In an effort to bring awareness and education about the emancipation of enslaved African descendants in the United States, the Spady Cultural Heritage Museum and the Arts Garage teamed up to host the recent Juneteenth Celebration featuring Pat “Mother Blues” Cohen and Dr. Joan Cartwright.
Held Saturday, June 19 from 8 to 10 p.m., both performers explored the history and influence of women in rhythm and blues, as the focus of the 2021 Juneteenth Celebration.
Pat “Mother Blues” Cohen, a professional blues performer and entertainer, took the audience on a lyrical ride through the joy, pain and tribulations of African-American music, which is a form of spiritual expression. She was invited back to Delray Beach by the Spady Museum, after performing in 2017 for Juneteenth. Mother Blues brings the legacy of blues musicians to the stage, sharing the pain and challenges of being an oppressed person, but not allowing that pain to undermine or diminish her talents and gifts.
The talk-back after the show was led by Dr. Joan Cartwright, a local, retired Jazz and Blues performer, who educates adults and youth on the history of Blues-performing women through her non-profit organization, Women in Jazz.
The Spady Museum brings people together with history, culture and heritage, so the Juneteenth Celebration was a great way to not only celebrate emancipation, but to also educate the community on the ongoing fight for all citizens to be free and independent.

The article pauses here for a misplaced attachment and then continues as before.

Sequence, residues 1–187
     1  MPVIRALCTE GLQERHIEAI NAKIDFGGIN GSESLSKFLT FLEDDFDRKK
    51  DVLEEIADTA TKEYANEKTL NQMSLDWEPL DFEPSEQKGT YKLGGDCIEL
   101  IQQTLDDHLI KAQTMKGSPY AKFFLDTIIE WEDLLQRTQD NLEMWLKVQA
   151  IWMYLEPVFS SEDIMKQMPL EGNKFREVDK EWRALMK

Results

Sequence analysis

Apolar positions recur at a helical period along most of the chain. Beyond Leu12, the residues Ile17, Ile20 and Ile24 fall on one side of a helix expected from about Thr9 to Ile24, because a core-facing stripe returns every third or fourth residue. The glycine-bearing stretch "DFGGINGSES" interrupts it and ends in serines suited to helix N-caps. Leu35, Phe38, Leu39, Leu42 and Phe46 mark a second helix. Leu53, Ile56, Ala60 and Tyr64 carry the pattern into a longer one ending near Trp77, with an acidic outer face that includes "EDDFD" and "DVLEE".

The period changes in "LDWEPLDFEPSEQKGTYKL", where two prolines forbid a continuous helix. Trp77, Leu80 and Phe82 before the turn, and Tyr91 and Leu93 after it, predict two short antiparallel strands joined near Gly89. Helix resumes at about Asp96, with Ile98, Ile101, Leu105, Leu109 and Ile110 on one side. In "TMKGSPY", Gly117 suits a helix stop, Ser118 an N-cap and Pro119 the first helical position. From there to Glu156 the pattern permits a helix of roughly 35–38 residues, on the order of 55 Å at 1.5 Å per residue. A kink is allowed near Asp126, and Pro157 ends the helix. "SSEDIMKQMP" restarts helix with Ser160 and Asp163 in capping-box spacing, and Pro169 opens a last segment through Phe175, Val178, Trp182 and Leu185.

The Juneteenth event drew almost a full house at the Arts Garage, of people from multiple races and backgrounds, and provided a way for them to connect, enjoy and celebrate the blues, which is a gift of sorts from the enslaved and oppressed peoples to themselves. The performance was an acknowledgement of the priceless contributions enslaved people have made to the cultural fabric of America, which continue to yield such dividends, even into 2021.
According to the Spady Museum, the Juneteenth Celebration is bringing awareness of the end of slavery to Americans who are unaware of this history. It is a time of celebration for freedom gained, but also a time of reflection and understanding of the perspective of the African Diaspora in America.
The Spady Museum shines a light on Juneteenth, which is now a federal holiday, as a way to continue to educate the community about the historically correct sequence of events that constitute the end of chattel slavery in the United States. As always, the Spady Museum is our local resource that provides our community members with not only significantly important national events, but also how those events help to create and shape the city we all know and love.